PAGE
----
It gnawed at me because I'd never read the Ian Fleming books and so my only exposure to the character of James Bond was via the movies.
Since that post, I've read two Ian Fleming books: Casino Royale and Dr. No.
I've also seen the newest Casino Royale and just finished watching Dr. No.
I'm still at a disadvantage because I'm sure the screenwriters of Dr. No -- and the other Bond movies -- read all the Ian Fleming books to compile the filmed mythos.
Still, I think I have enough information to point out a few things.
In the book Casino Royale, Bond is described by Vesper Lynd thusly:
He is very good-looking. He reminds me rather of Hoagy Carmichael, but there is something cold and ruthless in his ...
Let's do some photo comparisons. This is Hoagy Carmichael:
Then the classic Bond and the rebooted Bond:
Well, Connery wins the face contest.
But based on the "something cold and ruthless" bit, reboot Bond wins:
-- his expression after beating, strangling, and drowning a man! Now that is cold and ruthless!
Compared to the book, I couldn't help thinking what an absolutely stupid movie Dr. No was. An island mined for bird shit was turned into one mined for uranium and featured a nuclear-powered(!) telemetry beacon to override NASA signals for a moon shot!
I hadn't seen Dr. No in decades. Now I know where the Austin Powers joke came from.
No wonder so many things in Austin Powers were so funny. Even though I couldn't place the exact references, the basic framework had been drilled into my head for decades, not just by the Bond movies, but spoofs such as In Like Flint.
I'm not going to re-watch all the Bond movies. I don't know which one started the gadgetry kick. But that quickly got out hand! And I also don't know which one started the wisecracks to release tension in the audience after a violent scene. That quickly got out of hand too.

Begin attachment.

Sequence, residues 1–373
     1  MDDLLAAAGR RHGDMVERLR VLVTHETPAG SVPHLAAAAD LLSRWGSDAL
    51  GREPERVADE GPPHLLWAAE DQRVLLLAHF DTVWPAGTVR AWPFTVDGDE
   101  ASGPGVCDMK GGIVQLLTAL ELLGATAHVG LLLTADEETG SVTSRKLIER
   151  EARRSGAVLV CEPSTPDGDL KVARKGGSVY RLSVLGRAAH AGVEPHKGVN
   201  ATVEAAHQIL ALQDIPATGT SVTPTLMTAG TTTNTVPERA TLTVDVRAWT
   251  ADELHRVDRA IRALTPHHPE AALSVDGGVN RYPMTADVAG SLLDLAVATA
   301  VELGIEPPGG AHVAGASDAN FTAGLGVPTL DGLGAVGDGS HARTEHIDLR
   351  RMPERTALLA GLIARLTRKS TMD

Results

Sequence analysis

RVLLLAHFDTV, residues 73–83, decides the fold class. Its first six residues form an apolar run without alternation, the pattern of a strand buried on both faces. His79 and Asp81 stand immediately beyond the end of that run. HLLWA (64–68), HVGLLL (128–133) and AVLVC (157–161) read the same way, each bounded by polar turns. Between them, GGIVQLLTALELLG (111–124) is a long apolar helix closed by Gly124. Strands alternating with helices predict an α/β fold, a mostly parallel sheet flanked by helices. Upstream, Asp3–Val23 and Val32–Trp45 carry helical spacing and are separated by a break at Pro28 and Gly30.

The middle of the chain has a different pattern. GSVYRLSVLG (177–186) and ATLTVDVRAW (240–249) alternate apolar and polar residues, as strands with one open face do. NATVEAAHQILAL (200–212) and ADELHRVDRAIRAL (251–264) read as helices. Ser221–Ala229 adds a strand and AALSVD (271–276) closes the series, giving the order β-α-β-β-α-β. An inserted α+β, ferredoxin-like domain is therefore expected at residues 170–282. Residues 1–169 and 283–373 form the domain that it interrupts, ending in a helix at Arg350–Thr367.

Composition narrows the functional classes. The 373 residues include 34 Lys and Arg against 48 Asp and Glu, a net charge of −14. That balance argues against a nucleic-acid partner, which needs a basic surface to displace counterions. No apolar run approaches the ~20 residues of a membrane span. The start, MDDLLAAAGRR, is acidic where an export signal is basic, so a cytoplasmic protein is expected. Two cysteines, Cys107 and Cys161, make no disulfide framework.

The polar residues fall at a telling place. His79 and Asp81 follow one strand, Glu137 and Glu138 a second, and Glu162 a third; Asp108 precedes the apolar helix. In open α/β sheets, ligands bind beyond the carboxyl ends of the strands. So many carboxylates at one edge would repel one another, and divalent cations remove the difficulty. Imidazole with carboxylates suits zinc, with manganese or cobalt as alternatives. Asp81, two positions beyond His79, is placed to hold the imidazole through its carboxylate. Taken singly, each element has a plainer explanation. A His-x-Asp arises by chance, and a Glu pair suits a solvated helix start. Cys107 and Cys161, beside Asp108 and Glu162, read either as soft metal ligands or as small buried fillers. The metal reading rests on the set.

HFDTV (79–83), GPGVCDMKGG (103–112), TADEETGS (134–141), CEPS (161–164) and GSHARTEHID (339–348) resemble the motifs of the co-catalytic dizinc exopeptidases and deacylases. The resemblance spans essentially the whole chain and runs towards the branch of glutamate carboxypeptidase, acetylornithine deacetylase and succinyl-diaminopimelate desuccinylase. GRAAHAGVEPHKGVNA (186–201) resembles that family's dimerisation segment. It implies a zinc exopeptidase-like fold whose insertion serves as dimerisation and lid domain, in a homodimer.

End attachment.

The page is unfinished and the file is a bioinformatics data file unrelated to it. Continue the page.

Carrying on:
The libertine appetite of Bond must have been daring for its time. These days, seeing it dramatized in Dr. No, it all looks rather ridiculous. In the two books, there's no underlying explanation for Bond's appetite. We're left to think the guy is simply horny all the time. There's no clear psychological exposition tying his need for sex to the violence he's paid to commit.
One final thing. In the movie Casino Royale, I was really shocked by the line, "The bitch is dead." That was just cold. I was looking to pin that line on Paul Haggis. As it turns out, it was in the book itself:
The bitch is dead now.
Which, in the book, is even colder -- because it's the final line. In the movie, M tries to explain Lynd's actions as protective of Bond, which actually undercuts the line, making M seem like a Mommy to a childish, misunderstanding Bond.
Surprisingly, I have to say the two reboot Bond movies are closer in spirit to the Ian Fleming books than what I recall of the Connery series. (Roger Moore? Let's not go there!) I do think they've made the violence in the reboot movies absolutely brutal and graphic. But I understand why. That is what real-life violence is like.
Compare these two images:
The first is James Bond after a beating in Dr. No. The second is Bond after a beating in Casino Royale. The reboot Bond often winds up washing blood off his face!
So, in summary, yes, the 20th-century movie James Bond is dead. Make way for the James Bond of the new century.
-- thanks to filmmaker Philip R. Cable and Judie Lipsett who each provided reasons for me to read the Fleming books.